"At a very early period she had apprehended instinctively the dual life-that outward." What does this suggest about Edna's inner struggle?
The question refers to the whole sentence in chapter 7 of The Awakening, but I could only type some of it.
In chapter VII of The Awakening, by Kate Chopin, we find Edna Pontellier gazing at the ocean, realizing that she has always been "different." By different it is meant that she has never had the need nor the want to comply with every social expectation bestowed upon women of a certain class, namely, getting married, having children, and live a life of straight up virtue.
Contrastingly, Edna has always leaned towards the unusual. An example of this is her friendship with Adele. Adele is a foil of Edna's not only physically, but metaphysically as well. Adele is described as "matronly" and stout, while Edna is upright and straight. Adele is artistic and free-spirited, while Edna is analytical and emotionally repressed.
It is because of this contrast that Edna feels free to confess her analysis of herself to Adele: She basically stated to her how the expectations that women are supposed to meet in order to be considered virtuous are, for Edna, nothing but limitations.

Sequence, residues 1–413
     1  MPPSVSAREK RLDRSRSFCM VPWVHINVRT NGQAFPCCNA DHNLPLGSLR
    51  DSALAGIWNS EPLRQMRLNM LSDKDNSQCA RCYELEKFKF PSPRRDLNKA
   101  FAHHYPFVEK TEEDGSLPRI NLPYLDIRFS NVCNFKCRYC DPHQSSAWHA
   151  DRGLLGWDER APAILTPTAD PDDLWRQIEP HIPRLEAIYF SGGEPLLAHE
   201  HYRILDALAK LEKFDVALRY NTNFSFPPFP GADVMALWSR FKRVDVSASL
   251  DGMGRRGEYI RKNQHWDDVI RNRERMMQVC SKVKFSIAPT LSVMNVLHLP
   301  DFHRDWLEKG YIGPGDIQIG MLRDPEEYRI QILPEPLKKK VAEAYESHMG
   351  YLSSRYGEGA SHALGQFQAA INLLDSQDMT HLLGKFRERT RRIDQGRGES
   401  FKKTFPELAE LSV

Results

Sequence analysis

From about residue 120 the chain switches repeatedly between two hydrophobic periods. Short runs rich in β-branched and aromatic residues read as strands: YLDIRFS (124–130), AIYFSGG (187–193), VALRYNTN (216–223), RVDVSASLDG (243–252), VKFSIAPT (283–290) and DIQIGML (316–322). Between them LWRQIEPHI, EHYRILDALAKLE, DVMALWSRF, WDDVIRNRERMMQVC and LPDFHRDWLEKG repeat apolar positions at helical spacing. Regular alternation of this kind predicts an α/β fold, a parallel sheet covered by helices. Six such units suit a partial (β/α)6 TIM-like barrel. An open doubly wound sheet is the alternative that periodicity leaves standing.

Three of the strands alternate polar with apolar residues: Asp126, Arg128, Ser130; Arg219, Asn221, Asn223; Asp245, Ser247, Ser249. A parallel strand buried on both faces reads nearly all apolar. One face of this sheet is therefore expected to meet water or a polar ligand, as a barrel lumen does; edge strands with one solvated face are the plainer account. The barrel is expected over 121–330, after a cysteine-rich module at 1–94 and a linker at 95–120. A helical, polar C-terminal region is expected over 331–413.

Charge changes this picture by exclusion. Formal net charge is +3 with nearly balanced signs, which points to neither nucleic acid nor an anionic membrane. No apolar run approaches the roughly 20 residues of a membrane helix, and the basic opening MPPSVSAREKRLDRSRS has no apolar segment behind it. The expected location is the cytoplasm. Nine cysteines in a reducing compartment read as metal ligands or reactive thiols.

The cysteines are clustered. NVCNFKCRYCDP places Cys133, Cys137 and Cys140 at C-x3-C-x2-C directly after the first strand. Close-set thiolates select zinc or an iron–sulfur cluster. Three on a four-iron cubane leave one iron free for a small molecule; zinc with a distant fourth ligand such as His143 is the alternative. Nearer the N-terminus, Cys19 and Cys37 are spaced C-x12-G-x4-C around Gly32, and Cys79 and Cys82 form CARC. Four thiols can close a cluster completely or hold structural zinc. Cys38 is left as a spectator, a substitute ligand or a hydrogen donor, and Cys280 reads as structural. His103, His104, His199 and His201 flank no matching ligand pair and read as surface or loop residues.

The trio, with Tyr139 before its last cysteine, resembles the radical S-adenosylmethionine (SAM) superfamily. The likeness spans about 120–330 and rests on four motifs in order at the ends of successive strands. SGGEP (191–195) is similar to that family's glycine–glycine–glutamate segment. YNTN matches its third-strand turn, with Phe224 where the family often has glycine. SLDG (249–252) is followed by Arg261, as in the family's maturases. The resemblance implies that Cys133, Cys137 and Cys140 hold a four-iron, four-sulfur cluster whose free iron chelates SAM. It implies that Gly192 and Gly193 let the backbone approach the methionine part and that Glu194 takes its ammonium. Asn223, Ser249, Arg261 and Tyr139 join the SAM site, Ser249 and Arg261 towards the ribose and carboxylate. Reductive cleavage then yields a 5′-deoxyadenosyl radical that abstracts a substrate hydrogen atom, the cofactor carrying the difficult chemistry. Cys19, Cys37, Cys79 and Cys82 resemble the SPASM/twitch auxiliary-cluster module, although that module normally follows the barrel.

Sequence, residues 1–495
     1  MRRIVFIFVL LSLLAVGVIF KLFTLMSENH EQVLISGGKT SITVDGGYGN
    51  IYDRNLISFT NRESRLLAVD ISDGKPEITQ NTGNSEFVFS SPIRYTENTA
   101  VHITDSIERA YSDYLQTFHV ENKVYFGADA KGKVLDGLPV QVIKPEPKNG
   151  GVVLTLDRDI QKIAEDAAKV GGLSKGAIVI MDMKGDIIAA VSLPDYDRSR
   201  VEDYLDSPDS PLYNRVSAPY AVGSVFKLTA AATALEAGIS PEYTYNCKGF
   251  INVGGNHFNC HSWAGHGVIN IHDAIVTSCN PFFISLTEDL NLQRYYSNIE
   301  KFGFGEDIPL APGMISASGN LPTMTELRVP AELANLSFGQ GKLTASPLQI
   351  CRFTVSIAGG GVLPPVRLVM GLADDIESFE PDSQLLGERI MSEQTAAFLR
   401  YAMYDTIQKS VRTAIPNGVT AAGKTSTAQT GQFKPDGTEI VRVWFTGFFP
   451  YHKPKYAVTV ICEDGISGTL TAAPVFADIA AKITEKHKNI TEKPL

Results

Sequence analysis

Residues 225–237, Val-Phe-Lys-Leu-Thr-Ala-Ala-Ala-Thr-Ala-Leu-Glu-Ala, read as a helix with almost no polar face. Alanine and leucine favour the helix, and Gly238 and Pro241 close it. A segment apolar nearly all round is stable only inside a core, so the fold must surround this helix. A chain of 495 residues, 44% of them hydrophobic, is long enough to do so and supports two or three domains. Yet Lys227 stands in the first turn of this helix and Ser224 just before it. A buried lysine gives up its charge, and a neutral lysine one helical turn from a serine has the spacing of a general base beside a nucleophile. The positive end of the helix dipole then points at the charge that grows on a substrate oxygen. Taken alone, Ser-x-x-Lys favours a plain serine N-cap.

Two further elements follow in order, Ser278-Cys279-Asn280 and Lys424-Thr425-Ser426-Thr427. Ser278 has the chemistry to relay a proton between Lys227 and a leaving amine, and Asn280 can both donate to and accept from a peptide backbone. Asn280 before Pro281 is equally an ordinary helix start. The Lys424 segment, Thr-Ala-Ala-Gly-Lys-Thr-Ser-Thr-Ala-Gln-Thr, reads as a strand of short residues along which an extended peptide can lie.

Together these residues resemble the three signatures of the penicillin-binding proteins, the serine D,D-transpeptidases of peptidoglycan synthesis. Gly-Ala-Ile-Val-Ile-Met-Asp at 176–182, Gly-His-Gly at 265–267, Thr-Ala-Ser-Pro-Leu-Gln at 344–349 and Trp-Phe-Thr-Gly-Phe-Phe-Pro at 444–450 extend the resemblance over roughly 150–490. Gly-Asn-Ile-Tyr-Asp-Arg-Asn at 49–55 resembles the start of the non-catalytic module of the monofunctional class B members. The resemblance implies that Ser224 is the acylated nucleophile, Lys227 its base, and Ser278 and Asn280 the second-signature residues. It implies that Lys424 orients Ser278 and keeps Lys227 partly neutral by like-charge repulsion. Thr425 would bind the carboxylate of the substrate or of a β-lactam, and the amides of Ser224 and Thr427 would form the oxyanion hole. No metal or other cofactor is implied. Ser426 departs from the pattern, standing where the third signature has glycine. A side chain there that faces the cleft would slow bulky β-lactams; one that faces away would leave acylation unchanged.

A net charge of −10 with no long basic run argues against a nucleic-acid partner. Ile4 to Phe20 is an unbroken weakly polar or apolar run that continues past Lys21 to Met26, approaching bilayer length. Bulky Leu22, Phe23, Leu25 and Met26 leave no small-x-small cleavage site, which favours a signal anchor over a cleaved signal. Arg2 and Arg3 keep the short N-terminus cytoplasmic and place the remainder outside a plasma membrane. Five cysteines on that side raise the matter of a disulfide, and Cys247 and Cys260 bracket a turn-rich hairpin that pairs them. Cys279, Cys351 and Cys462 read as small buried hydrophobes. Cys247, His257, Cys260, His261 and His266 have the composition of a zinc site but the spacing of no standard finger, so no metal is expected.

This is the first time Edna comes face to face with this reality: She had lived a life that meant really nothing to her real self. She had been struggling with the "real" Edna and making herself act like the "fake" Edna. This is the meaning of the statement that she was living
the outward existence which conforms, the inward life which questions.
The outward existence, the fake Edna, just takes in whatever comes her way and complies with social rules. The inward life, "the real" Edna, is the one coming out and awakening to the reality of its existence.